Coachella date grower’s deal shows land selling

Kirkjan Farms pays $635,000 for 39 acres in Coachella

Longtime family-owned date producer Kirkjan Farms recently paid about $16,282 per acre for 39 acres — $635,000 — for prime agricultural land off Avenue 53 near Van Buren in Coachella as it gears up for expansion.It’s one example of the still slow, but gradually growing, demand for land after a steady drop in prices in recent years, said Dwight Capitani, who with fellow NAI Capital commercial real estate agent Kate Rust represented the seller in the land purchase.

“Growers, developers, investors — I believe they’re realizing that prices have bottomed out and are probably on their way up,” Capitani said. “There are some great bargains out there, and people want to capitalize on them. We’re seeing more and more of that.”

Capitani and Rust have sold or closed more than 200 acres for client AP Properties since the year began.

Stone James, marketing consultant with Land Advisors Organization in Palm Desert, recently sold two parcels immediately south and southwest of the 39 acres at Avenue 53 for agricultural use.

In recent months, as commodity prices have increased, farmers in the valley and neighboring Imperial Valley have sought more land, James said.

“We’re not at the point yet where people are saying, ‘I just want to buy raw land,’” he aid. “It’s what you can do with the land that drives value.”

At the height of the housing boom, James recalls buyers paying $275,000 an acre with plans to build four units per acre. It wasn’t that long ago — 2007 — when vacant land in unincorporated Riverside County was selling for $50,000 to $150,000 an acre, said Dick Baxley, president of Baxley Properties.

Residential land in Indio was going for $200,000 an acre, and land for homes in some parts of Rancho Mirage, Palm Desert and La Quinta sold for $500,000 or more an acre in 2007.

Last year, however, there was little demand for residential acreage in those cities, so improved lots often sold for less than thecost of site improvements, Baxley said.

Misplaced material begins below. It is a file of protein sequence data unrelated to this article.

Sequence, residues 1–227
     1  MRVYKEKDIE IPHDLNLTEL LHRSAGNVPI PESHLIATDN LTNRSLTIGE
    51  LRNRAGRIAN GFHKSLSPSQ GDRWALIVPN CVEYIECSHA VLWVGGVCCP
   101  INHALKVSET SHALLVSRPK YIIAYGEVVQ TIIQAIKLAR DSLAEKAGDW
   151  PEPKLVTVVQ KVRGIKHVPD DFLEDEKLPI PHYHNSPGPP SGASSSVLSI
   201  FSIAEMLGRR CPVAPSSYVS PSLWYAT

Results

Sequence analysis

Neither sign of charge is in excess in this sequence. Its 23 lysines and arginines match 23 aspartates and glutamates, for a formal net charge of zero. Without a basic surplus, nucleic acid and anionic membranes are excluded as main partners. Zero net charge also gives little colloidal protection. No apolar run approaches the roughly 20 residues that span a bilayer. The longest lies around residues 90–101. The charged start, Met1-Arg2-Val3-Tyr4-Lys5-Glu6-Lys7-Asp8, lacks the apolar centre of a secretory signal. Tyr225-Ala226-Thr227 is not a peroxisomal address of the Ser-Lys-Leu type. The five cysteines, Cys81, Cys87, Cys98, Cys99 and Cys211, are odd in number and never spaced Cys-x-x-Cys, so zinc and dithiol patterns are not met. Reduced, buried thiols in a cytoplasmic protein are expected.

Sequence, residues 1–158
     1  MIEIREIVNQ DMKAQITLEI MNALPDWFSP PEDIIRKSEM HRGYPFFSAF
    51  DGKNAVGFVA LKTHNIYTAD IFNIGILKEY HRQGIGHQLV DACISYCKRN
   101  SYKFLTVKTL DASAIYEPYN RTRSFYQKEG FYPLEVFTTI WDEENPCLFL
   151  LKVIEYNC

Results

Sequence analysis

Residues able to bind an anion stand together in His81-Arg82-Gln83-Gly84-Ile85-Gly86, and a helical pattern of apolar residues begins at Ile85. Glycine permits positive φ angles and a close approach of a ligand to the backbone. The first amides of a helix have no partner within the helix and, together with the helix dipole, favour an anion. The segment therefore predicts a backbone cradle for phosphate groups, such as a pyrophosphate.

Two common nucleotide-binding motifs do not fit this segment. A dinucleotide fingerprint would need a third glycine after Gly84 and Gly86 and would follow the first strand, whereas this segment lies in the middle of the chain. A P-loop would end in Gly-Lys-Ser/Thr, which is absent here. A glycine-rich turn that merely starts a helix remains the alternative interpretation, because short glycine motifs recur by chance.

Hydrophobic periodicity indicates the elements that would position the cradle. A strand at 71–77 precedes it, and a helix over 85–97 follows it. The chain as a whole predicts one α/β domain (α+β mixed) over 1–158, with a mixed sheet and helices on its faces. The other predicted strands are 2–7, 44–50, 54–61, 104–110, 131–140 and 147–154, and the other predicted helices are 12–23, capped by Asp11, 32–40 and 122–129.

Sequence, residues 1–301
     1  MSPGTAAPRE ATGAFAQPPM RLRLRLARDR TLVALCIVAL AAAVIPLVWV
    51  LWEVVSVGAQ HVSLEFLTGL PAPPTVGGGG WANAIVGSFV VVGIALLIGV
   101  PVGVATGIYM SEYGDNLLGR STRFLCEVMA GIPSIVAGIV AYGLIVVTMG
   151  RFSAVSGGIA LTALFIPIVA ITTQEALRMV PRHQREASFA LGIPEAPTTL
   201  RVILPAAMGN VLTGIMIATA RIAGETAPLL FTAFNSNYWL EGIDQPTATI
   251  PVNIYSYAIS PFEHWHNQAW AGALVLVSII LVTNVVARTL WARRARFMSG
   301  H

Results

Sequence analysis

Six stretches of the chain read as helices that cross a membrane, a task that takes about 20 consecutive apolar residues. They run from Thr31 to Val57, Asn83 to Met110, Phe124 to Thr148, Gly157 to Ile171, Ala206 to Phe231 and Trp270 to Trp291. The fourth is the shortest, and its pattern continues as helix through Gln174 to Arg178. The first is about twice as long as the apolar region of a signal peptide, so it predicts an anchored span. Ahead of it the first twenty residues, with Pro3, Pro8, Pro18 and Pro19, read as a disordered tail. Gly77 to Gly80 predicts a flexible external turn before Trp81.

James said investors are looking for finished lots — properties with entitlements because that’s a difficult and risky facet to buying land.Agricultural companies and farmers want bargains.

Such land purchases for date growers aren’t unusual, said Lorrie Cooper, manager of the Indio-based nine-member California Date Administrative Committee, which represents producers.

“Date growers have been expanding their acreage for awhile,” Cooper said.

In 2010, the most recent figure available, 9,328 acres of dates were planted, according to the 2010 Riverside County Agricultural Production Report.
In 2009, some 8,974 acres were planted, up from 7,373 in 2007, officials reported.

Cooper said date farmers who once sold their land during the valley’s building boom have purchased cheaper land farther east as they gear up for increased production.Part of what’s fueling production is growing consumer awareness of the health benefits associated with dates.

The valley produces roughly 95 percent of the world’s annual date crop, which in 2010 was valued at $36.5 million for the county.

Mike Perrault | The Desert Sun